Malibu Farms & Fleet, a chain of California farms, has announced plans to close their flagship Malibu farm store and store in Santa Clarita, California by the end of 2018.
The Malibu brand will also be shutting down its fleet of 4×4 vehicles in 2018, said owner Chris Sacca.
The chain, which operates at four locations across California, has been a mainstay of the foodie scene since the 1980s, and it now operates five stores in California.
Sacca, who has a background in food and beverage, said he and his family have been involved in the chain for 15 years.
He said Malibu was one of the first places they went to that offered a fresh local product and a healthy, organic, vegan lifestyle.
He said he believes it is the right thing to do, and that he wants to continue supporting the local community, which he says has become increasingly vocal about the impact of climate change on their community.
In the past decade, Malibu has seen a sharp rise in the number of fires and extreme weather events, and Sacca has taken on the role of the state’s emergency manager for the Los Angeles County region, overseeing wildfires and emergency response efforts.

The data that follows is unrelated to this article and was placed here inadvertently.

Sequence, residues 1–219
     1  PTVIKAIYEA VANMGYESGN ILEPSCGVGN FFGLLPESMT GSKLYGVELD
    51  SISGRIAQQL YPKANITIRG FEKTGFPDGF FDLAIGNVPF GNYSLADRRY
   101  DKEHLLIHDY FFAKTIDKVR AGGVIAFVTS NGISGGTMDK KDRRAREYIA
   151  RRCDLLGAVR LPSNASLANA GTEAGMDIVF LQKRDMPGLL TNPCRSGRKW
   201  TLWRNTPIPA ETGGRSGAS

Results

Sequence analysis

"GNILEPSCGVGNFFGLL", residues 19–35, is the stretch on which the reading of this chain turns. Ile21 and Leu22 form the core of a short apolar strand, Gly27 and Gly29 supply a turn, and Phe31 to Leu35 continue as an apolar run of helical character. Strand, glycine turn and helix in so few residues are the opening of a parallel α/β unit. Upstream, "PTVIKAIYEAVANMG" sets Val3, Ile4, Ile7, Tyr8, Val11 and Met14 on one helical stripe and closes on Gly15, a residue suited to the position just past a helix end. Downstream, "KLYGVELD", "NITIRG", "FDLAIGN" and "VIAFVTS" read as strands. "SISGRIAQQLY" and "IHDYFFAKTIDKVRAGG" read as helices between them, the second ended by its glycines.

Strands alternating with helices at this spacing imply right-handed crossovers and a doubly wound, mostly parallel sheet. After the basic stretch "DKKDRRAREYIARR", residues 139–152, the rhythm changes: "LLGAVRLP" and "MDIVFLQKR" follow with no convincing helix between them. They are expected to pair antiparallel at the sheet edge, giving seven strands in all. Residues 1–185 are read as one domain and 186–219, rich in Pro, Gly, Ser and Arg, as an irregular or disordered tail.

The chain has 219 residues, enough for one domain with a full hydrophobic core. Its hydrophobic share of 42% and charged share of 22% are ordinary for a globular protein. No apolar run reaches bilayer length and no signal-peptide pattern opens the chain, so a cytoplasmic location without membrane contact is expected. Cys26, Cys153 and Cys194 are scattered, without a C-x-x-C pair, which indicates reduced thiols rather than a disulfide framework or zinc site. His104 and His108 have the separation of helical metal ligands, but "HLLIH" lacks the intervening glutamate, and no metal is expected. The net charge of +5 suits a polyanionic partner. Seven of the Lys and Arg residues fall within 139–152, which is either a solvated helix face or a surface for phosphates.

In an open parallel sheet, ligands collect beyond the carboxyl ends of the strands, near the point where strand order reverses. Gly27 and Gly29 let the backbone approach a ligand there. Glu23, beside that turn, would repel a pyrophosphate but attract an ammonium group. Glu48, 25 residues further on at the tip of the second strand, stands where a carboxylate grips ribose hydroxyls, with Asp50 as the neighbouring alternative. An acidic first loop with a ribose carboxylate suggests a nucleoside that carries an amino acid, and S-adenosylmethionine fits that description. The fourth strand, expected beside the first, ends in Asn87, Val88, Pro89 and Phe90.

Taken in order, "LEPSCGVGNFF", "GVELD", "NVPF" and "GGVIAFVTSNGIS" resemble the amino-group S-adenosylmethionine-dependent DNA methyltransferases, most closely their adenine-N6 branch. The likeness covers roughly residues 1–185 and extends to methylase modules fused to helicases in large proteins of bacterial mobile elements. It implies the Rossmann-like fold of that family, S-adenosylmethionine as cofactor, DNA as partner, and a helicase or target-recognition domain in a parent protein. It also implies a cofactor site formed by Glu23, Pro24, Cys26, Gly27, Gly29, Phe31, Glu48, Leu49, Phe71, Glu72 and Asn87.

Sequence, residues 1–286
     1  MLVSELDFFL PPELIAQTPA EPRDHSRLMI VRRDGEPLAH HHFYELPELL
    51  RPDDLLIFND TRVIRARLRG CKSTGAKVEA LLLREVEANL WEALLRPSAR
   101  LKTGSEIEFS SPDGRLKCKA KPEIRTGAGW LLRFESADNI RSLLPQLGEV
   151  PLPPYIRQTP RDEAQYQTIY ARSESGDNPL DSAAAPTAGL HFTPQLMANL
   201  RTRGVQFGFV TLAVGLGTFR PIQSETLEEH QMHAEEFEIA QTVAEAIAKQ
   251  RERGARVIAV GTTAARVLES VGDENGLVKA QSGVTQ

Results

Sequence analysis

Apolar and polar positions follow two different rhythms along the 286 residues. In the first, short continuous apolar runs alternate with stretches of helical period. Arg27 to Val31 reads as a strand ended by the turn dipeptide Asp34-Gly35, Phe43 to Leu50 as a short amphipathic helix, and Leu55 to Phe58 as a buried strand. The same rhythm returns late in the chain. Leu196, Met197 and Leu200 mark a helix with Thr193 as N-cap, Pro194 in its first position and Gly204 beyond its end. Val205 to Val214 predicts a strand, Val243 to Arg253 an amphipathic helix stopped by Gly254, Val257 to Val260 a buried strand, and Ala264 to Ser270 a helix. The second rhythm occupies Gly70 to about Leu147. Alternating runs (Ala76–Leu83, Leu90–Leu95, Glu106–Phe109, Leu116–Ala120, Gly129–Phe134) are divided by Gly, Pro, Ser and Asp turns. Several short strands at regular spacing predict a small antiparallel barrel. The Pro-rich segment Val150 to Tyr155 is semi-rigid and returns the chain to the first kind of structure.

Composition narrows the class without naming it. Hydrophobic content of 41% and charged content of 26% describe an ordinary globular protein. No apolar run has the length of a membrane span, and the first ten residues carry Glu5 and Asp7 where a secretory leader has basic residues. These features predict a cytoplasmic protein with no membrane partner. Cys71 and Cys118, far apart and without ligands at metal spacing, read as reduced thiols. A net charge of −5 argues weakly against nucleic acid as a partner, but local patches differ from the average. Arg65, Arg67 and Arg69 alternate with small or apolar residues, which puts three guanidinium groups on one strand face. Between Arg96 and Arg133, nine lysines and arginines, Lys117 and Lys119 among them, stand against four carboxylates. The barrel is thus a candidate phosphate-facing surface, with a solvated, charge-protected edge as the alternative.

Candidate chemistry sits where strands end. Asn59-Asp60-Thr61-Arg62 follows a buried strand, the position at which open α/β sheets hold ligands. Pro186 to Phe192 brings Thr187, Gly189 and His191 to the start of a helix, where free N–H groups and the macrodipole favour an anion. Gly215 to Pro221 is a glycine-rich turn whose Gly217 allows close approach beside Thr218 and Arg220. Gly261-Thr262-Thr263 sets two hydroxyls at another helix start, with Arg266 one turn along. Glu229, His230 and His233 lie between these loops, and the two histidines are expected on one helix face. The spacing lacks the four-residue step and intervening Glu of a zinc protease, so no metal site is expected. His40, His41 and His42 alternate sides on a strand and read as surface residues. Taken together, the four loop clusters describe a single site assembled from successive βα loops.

Malibu is not the only business to shutter over climate change.
Many other large retail chains have also announced closures over the past few years, including Best Buy, Best Buy’s Home Goods and Home Depot.
The American Beverage Association has also said it will stop buying Coca-Cola beverages from the company, and has launched a campaign to urge consumers to switch to alternative beverages, such as water and tea.
The US Food and Drug Administration has also issued guidance on carbon dioxide emissions, and President Donald Trump recently signed an executive order on the issue, which called for an increase in the country’s carbon dioxide cap-and-trade program.
“Malibu has been at the forefront of sustainability for over a decade, and we’re glad that our community and its residents are so proud of Malibu,” Sacca said.
“We’re grateful to our customers for supporting our local businesses and we hope they continue to do so as we move forward.”